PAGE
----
Ignore Hamas? No way
Israel needs to follow the lead of Moshe Dayan's experience with Egypt, and extend its hand in peace to Hamas - even if Hamas should refuse.
When foreign minister Moshe Dayan was asked to explain his willingness to make far-reaching concessions to Egypt in order to reach a settlement in 1979, the man that had a few years earlier declared, "Sharm-A-Sheikh without peace is preferable to peace without Sharm-A-Sheikh," explained: "No Israeli government may miss out on an opportunity to make peace with an Arab country. For so many years, we have been declaring that our hand is outstretched in peace and that our neighbors have been rejecting it."
It would be a good idea to bear in mind this position - which led to a historic and extremely favorable breakthrough in Israel's relations with the Arab world - when formulating the approach to be taken toward the new Palestinian leadership led by Hamas. Israel is not stretching out its hand in peace to the Hamas. Instead, it is screaming bloody murder at its success in the elections. This frustrating situation is leading Ehud Olmert's inexperienced government to take a series of steps that are immoral, unwise and futile. The government's petulant rebuffing of the Palestinian government provides yet further proof that anger is a bad adviser.
The outrage among the decision makers in Jerusalem at the results of the election in the Palestinian Authority have them embroiled in internal contradictions, to become involved in confrontations with the international community and to send a message of confusion and disorientation to Israeli society. Ehud Olmert should come to his senses, formulate an action plan that is consistent with his own inner truth and enforce it on his colleagues. That way it will not be necessary to clean up after Tzipi Livni, who with a stridency unworthy of a foreign minister, announced that Mahmoud Abbas is irrelevant; or come out defeated in the competition with Hamas over the support of the international community; or to zigzag on the matter of transferring funds to the Palestinian Authority.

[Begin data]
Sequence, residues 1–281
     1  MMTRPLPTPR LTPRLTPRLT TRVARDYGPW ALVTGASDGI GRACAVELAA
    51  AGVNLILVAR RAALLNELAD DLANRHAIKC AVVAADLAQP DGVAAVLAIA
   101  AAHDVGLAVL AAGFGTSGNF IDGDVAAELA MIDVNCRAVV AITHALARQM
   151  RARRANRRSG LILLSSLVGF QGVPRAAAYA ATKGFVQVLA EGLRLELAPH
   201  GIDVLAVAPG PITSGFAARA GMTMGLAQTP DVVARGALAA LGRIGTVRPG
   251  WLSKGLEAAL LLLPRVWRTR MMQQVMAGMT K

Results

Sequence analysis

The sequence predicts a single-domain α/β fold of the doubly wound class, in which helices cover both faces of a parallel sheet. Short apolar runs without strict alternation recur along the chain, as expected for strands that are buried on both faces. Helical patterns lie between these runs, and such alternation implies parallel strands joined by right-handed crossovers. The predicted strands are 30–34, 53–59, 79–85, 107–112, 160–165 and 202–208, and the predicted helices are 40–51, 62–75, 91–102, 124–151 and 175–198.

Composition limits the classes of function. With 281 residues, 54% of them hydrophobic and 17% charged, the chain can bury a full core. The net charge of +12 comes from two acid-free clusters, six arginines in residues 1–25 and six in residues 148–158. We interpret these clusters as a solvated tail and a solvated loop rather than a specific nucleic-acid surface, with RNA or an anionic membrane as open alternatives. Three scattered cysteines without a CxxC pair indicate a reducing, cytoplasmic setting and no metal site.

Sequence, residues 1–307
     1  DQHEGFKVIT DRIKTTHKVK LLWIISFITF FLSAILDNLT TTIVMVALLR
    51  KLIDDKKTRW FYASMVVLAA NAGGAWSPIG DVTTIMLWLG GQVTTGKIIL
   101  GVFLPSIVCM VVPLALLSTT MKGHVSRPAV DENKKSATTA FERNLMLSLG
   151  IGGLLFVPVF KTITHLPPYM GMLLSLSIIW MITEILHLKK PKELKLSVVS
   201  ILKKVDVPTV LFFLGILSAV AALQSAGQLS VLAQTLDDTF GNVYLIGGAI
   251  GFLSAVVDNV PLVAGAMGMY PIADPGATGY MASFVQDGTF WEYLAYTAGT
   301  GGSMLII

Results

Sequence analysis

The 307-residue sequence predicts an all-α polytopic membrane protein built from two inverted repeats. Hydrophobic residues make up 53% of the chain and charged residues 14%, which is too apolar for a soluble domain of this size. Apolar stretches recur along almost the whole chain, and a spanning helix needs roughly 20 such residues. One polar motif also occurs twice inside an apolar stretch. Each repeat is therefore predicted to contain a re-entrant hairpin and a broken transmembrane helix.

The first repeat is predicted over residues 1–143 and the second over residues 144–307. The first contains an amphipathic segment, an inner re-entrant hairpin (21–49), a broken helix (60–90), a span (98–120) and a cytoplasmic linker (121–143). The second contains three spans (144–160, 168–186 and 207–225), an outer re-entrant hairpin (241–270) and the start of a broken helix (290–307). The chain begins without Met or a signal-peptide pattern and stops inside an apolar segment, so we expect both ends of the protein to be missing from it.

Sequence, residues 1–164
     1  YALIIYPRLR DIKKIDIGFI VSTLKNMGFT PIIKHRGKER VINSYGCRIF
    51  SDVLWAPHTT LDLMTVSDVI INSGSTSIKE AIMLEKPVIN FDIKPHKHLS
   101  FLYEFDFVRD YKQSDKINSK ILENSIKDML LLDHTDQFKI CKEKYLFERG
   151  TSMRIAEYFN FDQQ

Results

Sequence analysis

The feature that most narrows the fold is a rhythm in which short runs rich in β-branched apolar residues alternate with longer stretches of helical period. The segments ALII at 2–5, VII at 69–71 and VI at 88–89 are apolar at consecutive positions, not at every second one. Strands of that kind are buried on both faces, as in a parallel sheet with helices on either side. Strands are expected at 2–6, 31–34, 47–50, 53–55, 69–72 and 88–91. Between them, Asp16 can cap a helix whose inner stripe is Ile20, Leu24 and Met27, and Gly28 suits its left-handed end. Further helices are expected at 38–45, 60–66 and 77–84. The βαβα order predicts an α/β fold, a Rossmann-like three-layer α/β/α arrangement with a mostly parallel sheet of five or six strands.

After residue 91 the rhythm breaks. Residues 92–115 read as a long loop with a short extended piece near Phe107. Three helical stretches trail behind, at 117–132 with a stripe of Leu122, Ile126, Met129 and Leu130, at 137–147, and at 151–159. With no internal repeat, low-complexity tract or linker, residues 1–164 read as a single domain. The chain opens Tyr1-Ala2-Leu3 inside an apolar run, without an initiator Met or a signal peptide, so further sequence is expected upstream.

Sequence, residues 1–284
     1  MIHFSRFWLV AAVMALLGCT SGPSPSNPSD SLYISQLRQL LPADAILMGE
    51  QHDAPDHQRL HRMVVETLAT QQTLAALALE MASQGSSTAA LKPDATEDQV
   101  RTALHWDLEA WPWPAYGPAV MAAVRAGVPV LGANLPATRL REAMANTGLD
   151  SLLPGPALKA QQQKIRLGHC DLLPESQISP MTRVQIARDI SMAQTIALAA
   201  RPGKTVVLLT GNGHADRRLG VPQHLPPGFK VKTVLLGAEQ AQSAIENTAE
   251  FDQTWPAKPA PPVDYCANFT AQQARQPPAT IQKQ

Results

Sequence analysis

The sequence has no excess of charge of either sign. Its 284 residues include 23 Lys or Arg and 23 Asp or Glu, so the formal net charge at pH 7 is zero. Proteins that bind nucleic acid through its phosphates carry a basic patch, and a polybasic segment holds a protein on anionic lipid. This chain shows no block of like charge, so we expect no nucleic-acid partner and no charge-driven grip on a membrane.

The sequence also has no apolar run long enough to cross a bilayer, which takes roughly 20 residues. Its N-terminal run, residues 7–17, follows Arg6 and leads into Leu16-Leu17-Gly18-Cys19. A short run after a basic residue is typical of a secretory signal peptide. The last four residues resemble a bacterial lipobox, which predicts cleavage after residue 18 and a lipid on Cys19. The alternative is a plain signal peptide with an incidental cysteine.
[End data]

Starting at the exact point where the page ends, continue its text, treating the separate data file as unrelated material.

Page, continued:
All Israel has to do is declare that it is willing to negotiate for peace with whomever is leading the Palestinians. If the Hamas wants to come to the negotiating table - welcome; if it refuses, it will bear the consequences. The government must sit down quietly and let Hamas sweat with the effort involved in running the Palestinian Authority: to provide the population with bread and employment, to deal with the people's expectations of having prisoners released, to guarantee law and order notwithstanding the activities of the rival militant factions, to contend with Israel's military responses to terror attacks and Qassam rockets, to deal with forceful international responses to unacceptable steps it may take.
The circle of political decision makers in Jerusalem is convinced that that is exactly what they are doing - that they are coolly observing the goings on in the Palestinian Authority without intervening. That is the mistake made by those that have not looked in the mirror. Olmert and his group of ministers and advisers (which includes the chief of staff, the Shin Bet chief, and the professionals in the defense ministry) look more as if they are in a panic rather than as if they are a solid bastion of self-confidence.
The thinking that is guiding them is backward: They believe that Israel can intervene to change the political reality in the Palestinian Authority; they are convinced that Israel's firm rhetoric will convince the world not to topple the wall of illegitimacy that for now has been built around the Hamas; they are motivated by the perception that it is better to take preemptive steps and to forcibly prevent the establishment of a Hamas government, lest it set up a system of rocket launchers in the West Bank similar to the one the Hezbollah set up on Israel's northern border.
It is of course impossible to ignore Hamas' doctrines or the security danger its fundamental approach poses to the State of Israel. The threat presented by a hostile Palestinian Authority state, a protege of Iran, whose behavior is the direct result of its extreme religious outlook must not be taken lightly. Nevertheless, the possibility that a process of mutual recognition between Israel and Hamas will develop, like that between Israel and the PLO, should not be completely dismissed.
One position is unacceptable: a declaration that Hamas is irrelevant. Those that do not want to dialogue with Hamas should get out of the territories and make the new government in Ramallah and Gaza the exclusive internal problem of the Palestinians.